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Liferay, MuleSoft Announce Partnership on Tcat Server

2 Min Read
Liferay, MuleSoft Announce Partnership on Tcat Server

MuleSoft’s Tcat server has been a popular item as of late, if the partnerships formed surrounding it are any indication. Following news in March 2011 of a partnership between OpenLogic and MuleSoft centered on Tcat, Liferay recently announced a similar initiative. Here are the details, and what they mean for the channel.

Tcat, based on the open source Apache Tomcat servlet container, is a value-added resale product offering improved performance monitoring and diagnostics, deployment and security over generic Tomcat. Designed to be completely compatible with upstream code, Tcat is marketed as a hassle-free solution for organizations seeking to upgrade from legacy platforms such as IBM’s WebSphere and Oracle’s WebLogic.


The announcement of MuleSoft and Liferay’s partnership comes amidst a flurry of recent engagement on the part of the latter company within the open source channel. The company announced other key partnerships earlier in 2011, and in March introduced a “Community Leadership Program” designed to afford third-party members of Liferay’s development community a more substantial role in the organization’s initiatives.

The specifics of this most recent Tcat partnership involve Liferay offering Liferay Portal Enterprise Edition with MuleSoft’s Tcat server built in. Liferay will provide all support for the product.

This agreement is similar to the one contracted between OpenLogic and MuleSoft in March 2011, but one notable difference in the Liferay-MuleSoft engagement is the single point of contact for support in the form of Liferay. The OpenLogic-MuleSoft deal, in contrast, has those two companies sharing support responsibilities.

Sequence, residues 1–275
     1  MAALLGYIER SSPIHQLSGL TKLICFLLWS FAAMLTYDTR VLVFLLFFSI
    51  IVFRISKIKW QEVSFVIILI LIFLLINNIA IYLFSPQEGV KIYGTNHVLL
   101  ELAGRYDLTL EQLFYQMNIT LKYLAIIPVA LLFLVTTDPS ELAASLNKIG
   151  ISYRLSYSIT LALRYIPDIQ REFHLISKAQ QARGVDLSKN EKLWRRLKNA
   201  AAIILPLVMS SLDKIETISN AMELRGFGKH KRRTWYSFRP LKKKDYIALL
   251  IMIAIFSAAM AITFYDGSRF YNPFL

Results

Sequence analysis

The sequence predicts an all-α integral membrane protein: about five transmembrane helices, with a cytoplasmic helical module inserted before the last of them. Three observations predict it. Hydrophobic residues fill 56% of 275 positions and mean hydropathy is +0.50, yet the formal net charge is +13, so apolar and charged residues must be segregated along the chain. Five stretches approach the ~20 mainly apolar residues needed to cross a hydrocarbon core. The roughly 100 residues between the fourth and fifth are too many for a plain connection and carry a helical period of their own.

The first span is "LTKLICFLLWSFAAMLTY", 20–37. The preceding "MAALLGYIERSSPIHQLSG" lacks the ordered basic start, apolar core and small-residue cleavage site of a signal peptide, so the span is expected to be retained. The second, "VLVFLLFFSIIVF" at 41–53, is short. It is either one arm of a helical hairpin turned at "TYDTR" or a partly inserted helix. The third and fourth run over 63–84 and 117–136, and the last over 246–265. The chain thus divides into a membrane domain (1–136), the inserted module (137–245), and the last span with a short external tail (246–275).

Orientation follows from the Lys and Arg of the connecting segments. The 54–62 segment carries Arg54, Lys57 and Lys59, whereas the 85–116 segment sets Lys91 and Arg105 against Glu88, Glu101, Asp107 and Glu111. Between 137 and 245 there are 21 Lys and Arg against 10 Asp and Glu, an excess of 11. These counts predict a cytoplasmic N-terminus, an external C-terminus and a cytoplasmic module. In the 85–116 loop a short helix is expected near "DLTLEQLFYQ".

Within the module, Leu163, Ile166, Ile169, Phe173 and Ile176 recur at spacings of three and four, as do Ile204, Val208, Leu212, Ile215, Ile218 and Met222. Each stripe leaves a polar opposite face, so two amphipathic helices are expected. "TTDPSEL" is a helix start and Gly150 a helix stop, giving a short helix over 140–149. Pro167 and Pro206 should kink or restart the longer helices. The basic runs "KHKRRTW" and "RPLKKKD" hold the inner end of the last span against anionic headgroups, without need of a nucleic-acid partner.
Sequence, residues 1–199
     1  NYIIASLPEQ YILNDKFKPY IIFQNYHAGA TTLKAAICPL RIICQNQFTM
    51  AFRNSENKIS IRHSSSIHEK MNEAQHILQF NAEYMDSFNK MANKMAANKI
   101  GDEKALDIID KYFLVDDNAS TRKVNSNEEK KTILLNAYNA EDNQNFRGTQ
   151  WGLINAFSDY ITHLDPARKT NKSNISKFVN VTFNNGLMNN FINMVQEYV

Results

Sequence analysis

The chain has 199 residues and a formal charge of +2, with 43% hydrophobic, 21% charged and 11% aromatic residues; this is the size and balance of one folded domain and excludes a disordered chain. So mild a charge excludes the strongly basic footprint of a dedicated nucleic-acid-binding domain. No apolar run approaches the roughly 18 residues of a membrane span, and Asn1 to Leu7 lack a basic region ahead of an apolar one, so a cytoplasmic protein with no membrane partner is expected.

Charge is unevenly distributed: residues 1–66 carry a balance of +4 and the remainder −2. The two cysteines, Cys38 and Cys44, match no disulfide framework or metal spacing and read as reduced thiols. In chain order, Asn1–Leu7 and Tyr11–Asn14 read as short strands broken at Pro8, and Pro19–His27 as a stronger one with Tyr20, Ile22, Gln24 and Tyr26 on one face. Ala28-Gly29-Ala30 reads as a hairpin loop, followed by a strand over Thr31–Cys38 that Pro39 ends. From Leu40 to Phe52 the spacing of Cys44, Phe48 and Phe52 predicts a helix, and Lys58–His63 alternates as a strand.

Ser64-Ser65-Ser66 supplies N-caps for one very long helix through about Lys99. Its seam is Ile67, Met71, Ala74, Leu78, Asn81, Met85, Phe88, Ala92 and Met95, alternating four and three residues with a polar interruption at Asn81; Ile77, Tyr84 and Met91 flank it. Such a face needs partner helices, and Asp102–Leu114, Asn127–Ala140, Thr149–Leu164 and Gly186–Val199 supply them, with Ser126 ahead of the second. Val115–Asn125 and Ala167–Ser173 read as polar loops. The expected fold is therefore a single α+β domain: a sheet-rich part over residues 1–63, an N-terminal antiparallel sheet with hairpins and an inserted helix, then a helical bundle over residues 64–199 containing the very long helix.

Viewed from a broader perspective, the partnership between Liferay and MuleSoft is also fundamentally different from the one announced with OpenLogic in that for Liferay, the Tcat server will enhance a specific, preexisting product. OpenLogic’s engagement with Tcat centers on reselling Tcat itself, independent of any other product, with support services as the main point of added value.

These differences aside, this most recent news from Liferay and MuleSoft underlines the demand for VARs within the open source channel. Open source developers offer plenty of great products for free, but they rarely provide the support services that many end users require for production. This means that companies able to enhance support services or embed open source code within larger, ready-to-deploy products have a lot to gain from open source projects.

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About the Author(s)

Christopher Tozzi

Contributing Editor

Christopher Tozzi started covering the channel for The VAR Guy on a freelance basis in 2008, with an emphasis on open source, Linux, virtualization, SDN, containers, data storage and related topics. He also teaches history at a major university in Washington, D.C. He occasionally combines these interests by writing about the history of software. His book on this topic, “For Fun and Profit: A History of the Free and Open Source Software Revolution,” is forthcoming with MIT Press.

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